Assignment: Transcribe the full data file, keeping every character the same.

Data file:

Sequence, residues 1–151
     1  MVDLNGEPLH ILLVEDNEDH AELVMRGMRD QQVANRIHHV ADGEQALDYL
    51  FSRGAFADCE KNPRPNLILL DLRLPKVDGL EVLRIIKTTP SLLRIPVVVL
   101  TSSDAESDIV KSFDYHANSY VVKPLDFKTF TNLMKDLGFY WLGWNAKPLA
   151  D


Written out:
Sequence, residues 1–151
     1  MVDLNGEPLH ILLVEDNEDH AELVMRGMRD QQVANRIHHV ADGEQALDYL
    51  FSRGAFADCE KNPRPNLILL DLRLPKVDGL EVLRIIKTTP SLLRIPVVVL
   101  TSSDAESDIV KSFDYHANSY VVKPLDFKTF TNLMKDLGFY WLGWNAKPLA
   151  D